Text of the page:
Usability testing: Even users don’t know what they want until they use it

usability blueprint

When we build software, I continue to be surprised with clients and stakeholders push back on the concept of user testing. I’ve heard the excuses: we don’t want to interrupt people, we want to operate in stealth mode, we don’t want to connect you with our people, etc.,

But here is the problem, if I were to ask somebody on behalf of somebody what they want, where they want to put something, how something should work, it’s merely a second-hand guess. Even if I am able to talk directly to a potential user and ask them the same question, I might even get the same answers.

It is only when I have something to show, something to demonstrate, even a paper prototype that allows somebody to look at something, challenged with performing a user journey, or asked to perform a set of steps; will I know if the user interface (UI) makes sense and is streamlined and intuitive.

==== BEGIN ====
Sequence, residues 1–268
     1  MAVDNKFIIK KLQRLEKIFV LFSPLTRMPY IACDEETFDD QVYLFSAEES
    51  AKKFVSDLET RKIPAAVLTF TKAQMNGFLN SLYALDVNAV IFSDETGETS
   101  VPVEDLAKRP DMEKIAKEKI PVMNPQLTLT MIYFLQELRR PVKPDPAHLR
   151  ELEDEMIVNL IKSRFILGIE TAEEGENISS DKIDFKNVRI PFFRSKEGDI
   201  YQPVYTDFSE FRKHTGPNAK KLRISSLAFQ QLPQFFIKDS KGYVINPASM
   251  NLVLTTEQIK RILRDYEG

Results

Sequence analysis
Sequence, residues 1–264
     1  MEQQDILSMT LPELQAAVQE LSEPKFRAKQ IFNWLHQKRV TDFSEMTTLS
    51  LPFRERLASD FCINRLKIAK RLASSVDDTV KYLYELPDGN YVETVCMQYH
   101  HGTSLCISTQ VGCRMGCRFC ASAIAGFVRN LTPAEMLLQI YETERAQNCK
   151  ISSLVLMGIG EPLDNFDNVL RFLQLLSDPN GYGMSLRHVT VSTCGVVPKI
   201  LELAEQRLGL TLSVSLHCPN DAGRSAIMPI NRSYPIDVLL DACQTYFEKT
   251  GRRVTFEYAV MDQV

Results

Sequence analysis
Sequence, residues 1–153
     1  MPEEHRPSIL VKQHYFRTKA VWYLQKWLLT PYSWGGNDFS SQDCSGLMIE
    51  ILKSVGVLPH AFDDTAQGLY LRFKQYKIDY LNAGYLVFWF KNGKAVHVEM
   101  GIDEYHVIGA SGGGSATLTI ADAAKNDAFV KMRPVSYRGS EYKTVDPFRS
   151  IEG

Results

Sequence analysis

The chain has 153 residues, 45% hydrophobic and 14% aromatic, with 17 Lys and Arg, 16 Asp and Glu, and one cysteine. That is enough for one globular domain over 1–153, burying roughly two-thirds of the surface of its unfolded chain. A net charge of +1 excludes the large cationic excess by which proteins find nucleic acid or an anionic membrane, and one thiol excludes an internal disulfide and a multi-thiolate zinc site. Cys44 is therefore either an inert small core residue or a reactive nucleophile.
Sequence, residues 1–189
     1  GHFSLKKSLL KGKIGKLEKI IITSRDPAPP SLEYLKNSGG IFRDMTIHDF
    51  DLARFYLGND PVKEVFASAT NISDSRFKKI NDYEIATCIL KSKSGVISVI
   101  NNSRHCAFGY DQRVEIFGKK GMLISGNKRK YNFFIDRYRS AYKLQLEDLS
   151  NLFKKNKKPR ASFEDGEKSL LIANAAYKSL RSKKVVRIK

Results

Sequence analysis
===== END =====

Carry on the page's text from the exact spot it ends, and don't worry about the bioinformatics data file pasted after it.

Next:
Recently, we built a house. Before construction, the project manager asked where I wanted to have a particular light switch. It seemed like a ridiculous question and an obvious answer: near the door. So, they installed the light switch near the door.

But, it was only after construction and I went into that dark room for the first time did I realize that the light switch should have been on the outside of the door, not inside the door. I had to fumble around in a dark room trying to find the light switch.

This is the importance of user testing. Ideally, I would have been invited back into the house during construction, while they were doing the wiring, to allow me to walk through the house and then confirm, once again, where I wanted the light switch. I think it would have been quite a bit more obvious where that switch should be had I been invited back in during development.

I can’t stress enough how important it is to involve users at every stage of the design and development process, regardless of what you are building. It could be websites, cars, houses, games, stores, or devices. Users need to be at the center of the design decisions. Builders and designers should employ user centered design (UCD) practices if they want to deliver a rewarding user experience (UX).